Social distancing of >2m is enforced as standard, although a player and their caddy form their own buddy pairing within which closer proximity is permitted.  Specific restaurant seating plans and one-way walking systems, in conjunction with holding meetings and media interviews outside, help to maintain the 2m rule and reduce risk of transmission. Masks are mandatory indoors, and there is an abundance of automatic hand sanitisers throughout the hotel and grounds. Cleaners are a regular and visible presence throughout. Medical consultations are conducted in PPE and limited to 15 minutes contact time.

Daily symptom and temperature check

Covid-19 symptoms and contact questions must be completed online each morning before an individual leaves their hotel room. Abnormal responses are followed up by the medical team.  Everyone has a daily temperature check and receives a new wrist band to confirm a satisfactory result. 

On the course

Hand sanitisers are available at every hole along with visible reminders of the safety measures to follow whilst playing: to not shake hands or fist bump, to stay 2m apart (golfer/caddy bubble not withstanding), and to not touch other players equipment.

Driving forward

As sport now looks to re-introduce spectators safely, The European Tour is looking at ways to innovate and progress.  Proximity trackers were being trialled and new testing/screening methods researched.

We were able to observe planning meetings for future Tour events being held in a number of different countries, which naturally presents huge logistical challenges in the current climate. Collaboration with local Governments and Health Authorities in host countries is imperative in mitigating the risk of Covid-19.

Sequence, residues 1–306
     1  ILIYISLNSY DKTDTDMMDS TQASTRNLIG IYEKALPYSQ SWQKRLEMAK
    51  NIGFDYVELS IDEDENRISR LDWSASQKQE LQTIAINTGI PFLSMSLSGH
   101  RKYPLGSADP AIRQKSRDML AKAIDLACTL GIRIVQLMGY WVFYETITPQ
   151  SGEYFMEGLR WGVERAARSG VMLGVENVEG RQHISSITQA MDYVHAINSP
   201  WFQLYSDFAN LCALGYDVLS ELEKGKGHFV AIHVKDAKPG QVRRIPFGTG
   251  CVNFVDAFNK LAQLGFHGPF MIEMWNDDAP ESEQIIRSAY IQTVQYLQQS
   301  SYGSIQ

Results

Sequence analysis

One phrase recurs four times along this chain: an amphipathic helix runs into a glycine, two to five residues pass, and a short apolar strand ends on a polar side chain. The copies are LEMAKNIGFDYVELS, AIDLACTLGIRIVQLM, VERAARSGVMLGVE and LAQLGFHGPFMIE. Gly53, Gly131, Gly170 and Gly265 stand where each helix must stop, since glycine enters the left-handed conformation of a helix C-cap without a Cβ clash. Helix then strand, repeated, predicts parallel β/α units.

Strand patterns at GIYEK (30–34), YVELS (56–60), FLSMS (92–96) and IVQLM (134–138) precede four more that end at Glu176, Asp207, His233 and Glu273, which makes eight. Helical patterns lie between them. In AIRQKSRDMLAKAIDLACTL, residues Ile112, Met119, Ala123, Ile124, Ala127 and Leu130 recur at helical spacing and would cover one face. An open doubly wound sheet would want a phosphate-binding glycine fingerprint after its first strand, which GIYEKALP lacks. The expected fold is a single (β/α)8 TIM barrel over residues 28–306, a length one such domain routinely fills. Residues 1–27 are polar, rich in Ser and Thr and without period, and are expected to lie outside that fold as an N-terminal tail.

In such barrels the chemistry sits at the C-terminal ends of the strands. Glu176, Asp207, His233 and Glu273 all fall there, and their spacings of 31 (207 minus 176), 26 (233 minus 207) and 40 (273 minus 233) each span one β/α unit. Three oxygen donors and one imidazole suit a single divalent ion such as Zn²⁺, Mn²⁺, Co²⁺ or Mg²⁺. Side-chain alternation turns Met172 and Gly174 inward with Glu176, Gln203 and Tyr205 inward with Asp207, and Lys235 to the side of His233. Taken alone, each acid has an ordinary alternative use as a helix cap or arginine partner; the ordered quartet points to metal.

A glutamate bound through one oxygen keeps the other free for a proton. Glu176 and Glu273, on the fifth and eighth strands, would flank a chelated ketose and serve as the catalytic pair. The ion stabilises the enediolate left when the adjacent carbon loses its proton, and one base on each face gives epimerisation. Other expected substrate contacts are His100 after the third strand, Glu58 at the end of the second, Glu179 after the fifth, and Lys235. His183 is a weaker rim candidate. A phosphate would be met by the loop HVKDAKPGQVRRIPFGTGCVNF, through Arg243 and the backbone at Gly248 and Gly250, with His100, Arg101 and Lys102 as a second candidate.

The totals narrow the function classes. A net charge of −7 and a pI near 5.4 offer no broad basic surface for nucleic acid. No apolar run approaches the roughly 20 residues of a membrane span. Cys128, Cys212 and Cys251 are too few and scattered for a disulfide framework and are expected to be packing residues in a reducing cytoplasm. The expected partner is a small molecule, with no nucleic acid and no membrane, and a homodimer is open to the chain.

Authors and Affiliations:

Jane Simpson1

Dionisio Izquierdo2

  1. Sport and Exercise Medicine registrar (ST5) currently working at The Institute of Sport, Exercise and Health, London. (Twitter: @DrJaneSimpson)
  2. Sport and Exercise Medicine registrar (ST4) currently working in Public Health at Barts Health NHS Trust, London. (Twitter: @DrDionisioIzq)

Acknowledgements:

We would sincerely like to thank the European Tour for their requesting registrars in Public Health and Sports and Exercise Medicine to attend, and feedback on processes.  We thank Public Health England and Prof James Calder (Chair of the Return to Elite Sport Group) for facilitating this.

References:

  1. Kemp S, Cowie CM, Gillett M, Higgins R, Hill J, Iqbal Z, et al. Sports medicine leaders working with government and public health to plan a ‘return-to-sport’ during the COVID-19 pandemic: the UK’s collaborative five-stage model for elite sport. Br J Sports Med. 2020.
  2. The Department for Digital, Culture, Media and Sport. Coronavirus (COVID-19): guidance on the phased return of sport and recreation. https://www.gov.uk/government/publications/coronavirus-covid-19-guidance-on-phased-return-of-sport-and-recreation [Accessed 02 September 2020).
  3. WHO. Key planning recommendations for mass gatherings in the context of the current COVID-19 outbreak, 2020. Available: https://www.who.int/publications/i/item/10665-332235 [Accessed 02 September 2020].
  4. WHO mass gathering COVID-19 risk assessment tool – Sports events, 2020. Available: https://www.who.int/publications/i/item/10665-333187 [Accessed 02 September 2020].
  5. Carmody S, Murray A, Borodina M, Gouttebarge V, Massey A. When can professional sport recommence safely during the COVID-19 pandemic? Risk assessment and factors to consider. Br J Sports Med. 542020. p. 946-8.